Who’s At-Fault in a Parking Lot Accident?
You’re pulling out of your parking space and some guy drives right into the back of your car! That’s not your fault…is it?
When it comes to determining fault in parking lot accidents, there is often a lot of confusion and debate among Ontario drivers. While you may not always agree with the end result, it is important to understand how fault is determined in parking lot accidents.
Just like collisions on highways and city streets, parking lot claims follow a set of basic rules to help determine who is at fault when a claim is filed.
Although every situation has unique details and circumstances, below is a guideline of the most common claim scenarios, and the corresponding fault determination rules to help you understand who is actually at fault in a parking lot collision.
I hit a parked car.
In almost every situation when you hit another vehicle that is parked, you are 100% at-fault. One exception to this rule is if the other vehicle was parked illegally. In these cases, make sure you have photos and statements from any witnesses to support your argument.
TIP: The closest parking spot is not always the best choice. Give yourself enough space and try not to “squeeze” into a spot just to be a few steps closer.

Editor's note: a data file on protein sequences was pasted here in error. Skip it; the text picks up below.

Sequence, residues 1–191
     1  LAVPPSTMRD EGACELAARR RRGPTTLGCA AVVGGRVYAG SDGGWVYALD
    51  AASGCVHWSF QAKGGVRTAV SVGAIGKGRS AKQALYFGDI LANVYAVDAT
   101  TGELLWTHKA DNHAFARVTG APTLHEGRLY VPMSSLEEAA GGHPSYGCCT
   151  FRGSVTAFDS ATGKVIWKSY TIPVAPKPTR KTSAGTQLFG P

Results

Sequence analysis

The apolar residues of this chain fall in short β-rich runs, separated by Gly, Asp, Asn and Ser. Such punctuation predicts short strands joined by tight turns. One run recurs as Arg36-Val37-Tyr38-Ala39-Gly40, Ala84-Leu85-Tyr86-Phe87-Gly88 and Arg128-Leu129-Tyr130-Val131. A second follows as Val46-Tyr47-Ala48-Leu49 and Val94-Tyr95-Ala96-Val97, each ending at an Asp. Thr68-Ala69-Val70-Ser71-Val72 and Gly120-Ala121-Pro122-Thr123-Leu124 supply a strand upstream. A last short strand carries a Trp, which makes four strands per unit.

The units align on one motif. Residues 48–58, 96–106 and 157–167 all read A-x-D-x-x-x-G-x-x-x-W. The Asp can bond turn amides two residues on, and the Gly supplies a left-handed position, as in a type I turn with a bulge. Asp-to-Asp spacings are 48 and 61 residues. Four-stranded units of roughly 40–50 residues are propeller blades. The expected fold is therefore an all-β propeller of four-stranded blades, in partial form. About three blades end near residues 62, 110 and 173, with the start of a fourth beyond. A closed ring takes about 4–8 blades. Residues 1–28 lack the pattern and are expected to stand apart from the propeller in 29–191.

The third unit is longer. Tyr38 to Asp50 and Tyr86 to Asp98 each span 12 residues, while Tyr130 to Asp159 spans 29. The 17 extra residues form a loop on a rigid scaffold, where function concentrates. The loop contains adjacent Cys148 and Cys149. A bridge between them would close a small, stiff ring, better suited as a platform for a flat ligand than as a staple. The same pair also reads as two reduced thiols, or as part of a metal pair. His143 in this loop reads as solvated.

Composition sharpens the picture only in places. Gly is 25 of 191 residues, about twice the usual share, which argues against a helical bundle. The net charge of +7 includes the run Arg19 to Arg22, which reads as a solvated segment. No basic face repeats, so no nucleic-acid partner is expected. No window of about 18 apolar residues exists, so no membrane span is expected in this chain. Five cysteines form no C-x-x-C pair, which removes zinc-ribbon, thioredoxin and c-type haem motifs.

I hit a car pulling out of my parking space.
When you pull out of your parking space you are entering what is called a ‘feeder lane’. Cars traveling in feeder lanes always have the right of way, so make sure you look both directions and exit your parking space cautiously. If you hit a car passing by, you will most likely be at-fault.
TIP: Try reversing into your parking spot when possible. This will help increase your visibility when exiting as you will be driving forward.
I hit a car while turning into a ‘thoroughfare’.
A thoroughfare is a main laneway in the parking lot that directly exits to the road. Cars traveling down the thoroughfare have the right of way, so cars turning into the thoroughfare will be at fault in a collision.
TIP: Treat traffic signs in parking lots the same way you would on the road.
We were both pulling out of our parking spots.
When two vehicles are pulling out of their respective parking spots and collide this usually results in shared responsibility, meaning the fault would be split 50/50.
TIP: Don’t assume the other driver is going to stop just because you started pulling out first. A quick honk of your horn will alert the other driver that you are there.
Someone hit my car and took off!
A Hit and Run can be extremely frustrating! But don’t worry; you will not be at-fault provided you make a police report. If the other driver is not identified, you will have to pay your collision deductible to have any damage to your vehicle repaired.
TIP: If you did not see what happened, ask around; someone may have witnessed the accident and be able to provide you with information for your police report.